290p. Delacorte. 2013. Tr $16.99. ISBN 978-0-385-74309-9; PLB $19.99. ISBN 978-0-375-99094-6; ebook $10.99. ISBN 978-0-307-98087-8. LC 2012005363.
Gr 11 Up—This book has the pacing of a Stephen King movie, and it never lets up on the gruesomeness. Ry Burke's boyhood was riddled with brutal abuse and near death at the ruthless hand of a father whom he referred to as the monster. As Ry became older, his father's violence intensified. Then one morning, after being told not to bother his mother because she was sick, Ry knew that something was wrong and proceeded to investigate. What he saw caused him to make a courageous decision that would forever change his life and his family's. Flash-forward some years later to the '80s, and readers find 19-year-old Ry's father in prison and his mother and younger sister using the countdown to a forthcoming meteorite crash as a diversion from the grim existence on their barren family farm. When they find out that there was an explosion at the prison and that the father has escaped and is headed home to seek revenge, the news shatters Ry's fragile psyche, forcing him to resurrect a trio of imaginary childhood friends (the all-knowing Jesus Christ, kind and gentle Mr. Furrington, and bloodthirsty Scowler) for protective support. The metaphor of the meteorite countdown enhances the tense, dark, and creepy chill factor of this gritty, well-written thriller. It's a perfect choice for mature horror readers who are looking to bridge the gap between YA and adult selections.—Sabrina Carnesi, Crittenden Middle School, Newport News, VA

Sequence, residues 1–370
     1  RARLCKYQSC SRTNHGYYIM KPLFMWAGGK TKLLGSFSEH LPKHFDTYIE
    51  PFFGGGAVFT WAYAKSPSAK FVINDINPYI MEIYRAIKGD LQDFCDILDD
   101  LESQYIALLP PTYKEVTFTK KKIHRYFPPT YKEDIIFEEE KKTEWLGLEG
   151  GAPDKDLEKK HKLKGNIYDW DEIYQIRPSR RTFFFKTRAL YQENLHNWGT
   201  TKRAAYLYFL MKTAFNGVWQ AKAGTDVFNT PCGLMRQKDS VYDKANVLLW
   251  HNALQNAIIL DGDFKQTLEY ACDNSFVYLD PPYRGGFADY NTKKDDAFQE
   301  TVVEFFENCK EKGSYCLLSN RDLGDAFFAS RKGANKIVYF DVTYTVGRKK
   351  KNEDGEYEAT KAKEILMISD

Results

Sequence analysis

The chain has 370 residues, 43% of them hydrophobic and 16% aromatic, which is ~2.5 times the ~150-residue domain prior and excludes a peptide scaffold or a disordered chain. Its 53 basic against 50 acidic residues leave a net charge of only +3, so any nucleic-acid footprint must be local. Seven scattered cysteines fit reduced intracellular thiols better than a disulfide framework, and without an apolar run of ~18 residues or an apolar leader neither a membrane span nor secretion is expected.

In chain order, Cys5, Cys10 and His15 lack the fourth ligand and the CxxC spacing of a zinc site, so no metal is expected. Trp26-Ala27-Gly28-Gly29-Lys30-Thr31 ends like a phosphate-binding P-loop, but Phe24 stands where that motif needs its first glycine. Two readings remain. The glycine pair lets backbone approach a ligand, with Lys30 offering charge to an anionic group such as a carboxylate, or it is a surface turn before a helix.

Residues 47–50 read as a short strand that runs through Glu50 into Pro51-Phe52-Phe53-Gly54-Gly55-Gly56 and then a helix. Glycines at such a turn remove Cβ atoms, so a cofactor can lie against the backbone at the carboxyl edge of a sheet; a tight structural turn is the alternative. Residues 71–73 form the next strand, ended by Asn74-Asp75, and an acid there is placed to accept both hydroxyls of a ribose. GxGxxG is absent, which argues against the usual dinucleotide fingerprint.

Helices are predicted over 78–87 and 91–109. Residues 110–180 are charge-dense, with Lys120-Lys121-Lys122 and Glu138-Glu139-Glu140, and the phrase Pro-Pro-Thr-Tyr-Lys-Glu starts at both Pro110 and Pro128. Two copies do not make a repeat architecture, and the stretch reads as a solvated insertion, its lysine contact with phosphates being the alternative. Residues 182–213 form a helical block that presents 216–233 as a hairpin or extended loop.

A gripping horror-thriller that is evocative of some of Stephen King’s best work but has a voice and twisted perspective all its own. Daniel Kraus takes care in the opening chapters to establish a rich setting and complex characters, including pensive Ry, his endearing kid sister, and his troubled mother. A subtle and rising tension underlies these scenes and is amplified by chapter headings that count down to the impending impact of several small meteorites speeding toward their rural Iowa town. The arrival of an escaped prisoner with disturbing tales of Ry’s imprisoned father, Marvin, sets the enthralling central story into motion. Kraus’s plotting is masterful, with surprising twists, eerie parallels, and scenes of terror meted out for maximum effect. Marvin is a compelling and disturbing figure, prone to bouts of madness and grotesque violence (“Merchants and neighbors alike . . . suspected the man was a horror and they were right.”). Consequently, readers may find certain scenes challenging. However, Marvin’s actions—and Ry’s attempts to thwart them—raise vital questions regarding the nature of evil. Ry’s struggle against his demented father takes a mesmerizing psychological turn when the arrival of one of the meteorites upsets Ry’s delicate mental state. His psyche fragments into three parts, corresponding to a group of imaginary friends he used to survive his dad’s violence when he was much younger. Ry transforms as he listens to the sometimes conflicting counsels of kind Mr. Furrington, wise Jesus, and violent Scowler, and the result is a fascinating inner and outer battle for survival.

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